Great Ideas That Didn’t Last: WWF Livewire


Brian Damage

Throughout the history of pro wrestling bookers and promoters have always tried to come up with new, creative and innovative ideas to generate interest in their product. Some ideas have not only succeeded…but flourished. Others were DOA from the get go. Then there are those ideas which initially were innovative…but for various reasons….faded away. Those are the focus of this latest series of posts titled ‘Great Ideas That Didn’t Last’.

In 1996, the World Wrestling Federation created a show like no other at that time. A live interactive show where WWF personalities could answer fans questions via phone…email or fax. It was called WWF Live Wire and had numerous hosts including Dok Hendrix, Todd Pettengill, Marissa Mazzola and Sunny.


It was obvious at the time, that the WWF was trying to transform its image from the outlandish cartoon world to more reality based programming. With the departures of both Scott Hall and Kevin Nash to their rival WCW just a few months prior….Vince McMahon decided to change the course of business. One of those changes came with the creation of WWF Live Wire.

The show seemingly started off strong. It was new, fresh and most importantly different from any other show the WWF had on at the time. Live Wire aired on Saturday mornings on the USA network here in the states. One of their strongest shows came on the morning of October 5th, 1996.

It was on this particular show that two pretty big things (At the time) occurred. First, a WWF magazine writer by the name of Vic Venom (Vince Russo) appeared on the show and immediately shook things up. He traded verbal battles with both Sunny and Jim Cornette…the latter incidentally is very interesting to watch…considering the legitimate pure hatred Cornette has with Russo to this day. It was his verbal assault on WWF broadcaster Dok Hendrix that was really worth a look.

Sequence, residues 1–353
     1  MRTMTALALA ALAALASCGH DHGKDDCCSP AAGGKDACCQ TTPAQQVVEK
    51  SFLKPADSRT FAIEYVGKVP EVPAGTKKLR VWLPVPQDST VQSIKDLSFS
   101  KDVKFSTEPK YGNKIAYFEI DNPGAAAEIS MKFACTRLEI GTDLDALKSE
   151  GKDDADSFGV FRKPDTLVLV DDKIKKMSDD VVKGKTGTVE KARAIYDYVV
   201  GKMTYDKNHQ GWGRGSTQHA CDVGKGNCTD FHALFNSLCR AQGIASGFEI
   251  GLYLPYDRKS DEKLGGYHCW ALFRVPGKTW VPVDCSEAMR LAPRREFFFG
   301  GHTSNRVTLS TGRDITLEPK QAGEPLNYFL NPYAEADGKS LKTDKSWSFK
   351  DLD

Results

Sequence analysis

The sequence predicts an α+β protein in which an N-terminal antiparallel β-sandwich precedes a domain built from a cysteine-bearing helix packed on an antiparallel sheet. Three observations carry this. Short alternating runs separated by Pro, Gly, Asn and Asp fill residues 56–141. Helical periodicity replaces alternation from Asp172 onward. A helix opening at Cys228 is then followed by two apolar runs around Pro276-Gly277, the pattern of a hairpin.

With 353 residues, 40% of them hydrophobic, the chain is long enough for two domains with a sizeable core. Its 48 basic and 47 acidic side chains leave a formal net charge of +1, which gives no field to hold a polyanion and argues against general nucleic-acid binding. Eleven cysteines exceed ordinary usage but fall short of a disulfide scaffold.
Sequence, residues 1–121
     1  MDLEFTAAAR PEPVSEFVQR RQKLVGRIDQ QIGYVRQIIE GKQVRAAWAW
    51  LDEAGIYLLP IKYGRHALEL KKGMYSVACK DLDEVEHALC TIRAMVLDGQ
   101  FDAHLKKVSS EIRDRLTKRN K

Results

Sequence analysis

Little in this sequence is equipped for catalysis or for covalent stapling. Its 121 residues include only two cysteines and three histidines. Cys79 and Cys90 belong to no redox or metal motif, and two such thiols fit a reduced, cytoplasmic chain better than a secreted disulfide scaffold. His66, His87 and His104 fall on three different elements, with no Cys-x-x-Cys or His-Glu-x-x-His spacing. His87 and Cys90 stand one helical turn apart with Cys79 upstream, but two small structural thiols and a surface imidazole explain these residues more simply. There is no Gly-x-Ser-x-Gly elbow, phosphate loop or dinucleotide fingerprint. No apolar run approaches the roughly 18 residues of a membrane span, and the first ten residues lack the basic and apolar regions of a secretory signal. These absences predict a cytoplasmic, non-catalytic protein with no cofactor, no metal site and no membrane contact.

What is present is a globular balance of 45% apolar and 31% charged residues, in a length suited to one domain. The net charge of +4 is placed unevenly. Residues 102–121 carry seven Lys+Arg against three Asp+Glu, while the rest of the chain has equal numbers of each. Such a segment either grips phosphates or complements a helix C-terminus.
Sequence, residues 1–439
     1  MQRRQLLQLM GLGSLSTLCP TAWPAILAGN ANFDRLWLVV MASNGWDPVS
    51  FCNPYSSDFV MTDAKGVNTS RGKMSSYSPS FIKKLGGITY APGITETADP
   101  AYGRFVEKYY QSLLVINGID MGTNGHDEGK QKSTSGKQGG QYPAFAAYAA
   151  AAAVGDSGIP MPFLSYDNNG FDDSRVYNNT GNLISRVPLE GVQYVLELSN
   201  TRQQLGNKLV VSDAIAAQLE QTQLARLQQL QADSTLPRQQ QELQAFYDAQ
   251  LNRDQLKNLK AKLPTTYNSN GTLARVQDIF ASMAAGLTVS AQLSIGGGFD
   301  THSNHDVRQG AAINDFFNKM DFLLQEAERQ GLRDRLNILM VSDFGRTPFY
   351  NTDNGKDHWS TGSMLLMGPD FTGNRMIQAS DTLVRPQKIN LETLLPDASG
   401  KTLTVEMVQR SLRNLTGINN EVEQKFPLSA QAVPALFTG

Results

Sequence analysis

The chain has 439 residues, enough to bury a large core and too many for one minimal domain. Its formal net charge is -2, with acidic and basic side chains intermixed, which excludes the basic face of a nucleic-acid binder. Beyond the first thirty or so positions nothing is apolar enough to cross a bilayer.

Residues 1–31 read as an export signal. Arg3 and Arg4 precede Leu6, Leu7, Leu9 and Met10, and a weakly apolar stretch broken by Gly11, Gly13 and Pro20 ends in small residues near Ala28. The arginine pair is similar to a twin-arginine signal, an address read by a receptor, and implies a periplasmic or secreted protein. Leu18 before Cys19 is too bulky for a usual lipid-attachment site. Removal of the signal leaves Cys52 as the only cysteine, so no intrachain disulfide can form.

Vic Venom broke down the invisible 4th wall and revealed to the fans watching at home what they probably already knew…but never thought would be admitted by the WWF. Dok Hendrix was in fact Michael ‘PS’ Hayes of the legendary Fabulous Freebirds. After Venom made the reveal, we all saw the happy go lucky Dok Hendrix slowly turn back into Hayes and get in the face of Venom.


The second “incident” happened later in the show when Vince McMahon showed up to take caller questions. One of those calls was from a fan named “Bruce from Connecticut” who revealed himself to be Paul Heyman…the owner of ECW. Heyman then went on a tirade about how the WWF was stale and how Vince McMahon stole all of ECW’s ideas and concepts.

The show seemed like the perfect vehicle for the WWF to redo themselves and change fans perceptions of the product. Over time however, Livewire became stale and mundane itself. It stopped being a live interactive show and changed to simply a review show of WWF’s Monday Night Raw. As expected the show was eventually cancelled in 2001.

6 thoughts on “Great Ideas That Didn’t Last: WWF Livewire

  1. This was also a great concept and actually seems like an early podcasts where you take calls from fans.

    Another great concept that got stale.


  2. We had been doing a similar version before them on a local channel in Virginia with a group called the AIWF were we took live calls.We would talk about that promotion and any other promotion.the problem was the WWF didn’t want to do that and kept all about them.That didn’t work at all.


  3. Pingback: This Week in Wrestling 2019 Week 12 | Ring the Damn Bell

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